• The documentation is organized, but too sparse into multiple short pages. Learning a topic will require navigating a lot of pages multiple times, and it is still hard to find what you are looking for.
Follow me at @bibryam to join my journey of learning and using Dapr and shout out with any thoughts and comments.

Kafka Distributions Landscape

One aspect of Apache Kafka that makes it superior to other event streaming projects is not its technical features and performance characteristics, but the ecosystem that surrounds it. The number of books, courses, conference talks, Kafka service providers, consultancies, independent professionals, third-party tools and developer libraries that make up the Kafka landscape is unmatched by competing projects.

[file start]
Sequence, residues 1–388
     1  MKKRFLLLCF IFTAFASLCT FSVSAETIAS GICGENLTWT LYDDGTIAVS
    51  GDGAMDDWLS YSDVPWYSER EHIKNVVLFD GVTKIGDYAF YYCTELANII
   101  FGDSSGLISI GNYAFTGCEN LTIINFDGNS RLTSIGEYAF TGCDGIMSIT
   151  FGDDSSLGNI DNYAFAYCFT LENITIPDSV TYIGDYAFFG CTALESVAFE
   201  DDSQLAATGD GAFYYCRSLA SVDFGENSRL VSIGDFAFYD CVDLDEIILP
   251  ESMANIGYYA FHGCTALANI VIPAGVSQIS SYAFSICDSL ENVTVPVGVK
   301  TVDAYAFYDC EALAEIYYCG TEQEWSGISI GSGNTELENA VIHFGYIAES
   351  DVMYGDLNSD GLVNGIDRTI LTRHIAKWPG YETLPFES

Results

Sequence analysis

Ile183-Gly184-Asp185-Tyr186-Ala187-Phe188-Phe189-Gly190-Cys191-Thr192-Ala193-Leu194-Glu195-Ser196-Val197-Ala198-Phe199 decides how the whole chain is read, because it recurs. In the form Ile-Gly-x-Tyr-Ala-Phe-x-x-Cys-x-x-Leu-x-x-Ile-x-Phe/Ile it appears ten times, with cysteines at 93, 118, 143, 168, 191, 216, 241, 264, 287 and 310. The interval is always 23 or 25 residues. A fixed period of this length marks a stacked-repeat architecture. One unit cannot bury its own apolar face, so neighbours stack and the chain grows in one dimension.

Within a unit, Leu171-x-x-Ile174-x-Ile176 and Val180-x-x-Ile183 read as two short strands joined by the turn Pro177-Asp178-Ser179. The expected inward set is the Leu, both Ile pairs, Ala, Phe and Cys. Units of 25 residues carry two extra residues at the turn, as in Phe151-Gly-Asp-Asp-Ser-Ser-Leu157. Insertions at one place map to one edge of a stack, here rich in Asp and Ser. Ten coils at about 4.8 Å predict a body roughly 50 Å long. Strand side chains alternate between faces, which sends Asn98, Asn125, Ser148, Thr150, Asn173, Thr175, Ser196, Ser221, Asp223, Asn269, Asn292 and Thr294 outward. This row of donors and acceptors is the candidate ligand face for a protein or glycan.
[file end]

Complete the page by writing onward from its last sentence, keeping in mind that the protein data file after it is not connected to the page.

While this makes Kafka a de facto standard for event streaming and provides assurance that it will be around for a long time to come, at the same time, Kafka alone is just a cog in the wheel and does not solve business problems on its own. This raises the question of which Kafka distributions are best suited to our use cases and which ecosystem will enable the highest productivity for our development teams and organizational constraints. In this post, we will try to navigate the growing ecosystem of Kafka distributions and give you some thoughts on where the industry is heading.

Kafka for Local Development

If you are new to Kafka, you may assume that all you need is a Kafka cluster, and you are done. While this statement might be correct for organizations with a low level of Kafka adoption where Kafka is a generic messaging infrastructure, it does not represent the picture in the organizations with a higher level of event-streaming adoption where Kafka is used heavily by multiple teams in multiple sophisticated scenarios. The latter group needs developer productivity tools that offer rapid feedback during development of event-driven applications, high levels of automation, and repeatability in lower environments, and depending on the business priorities a variety of hybrid deployment mechanisms from edge to multiple clouds in production.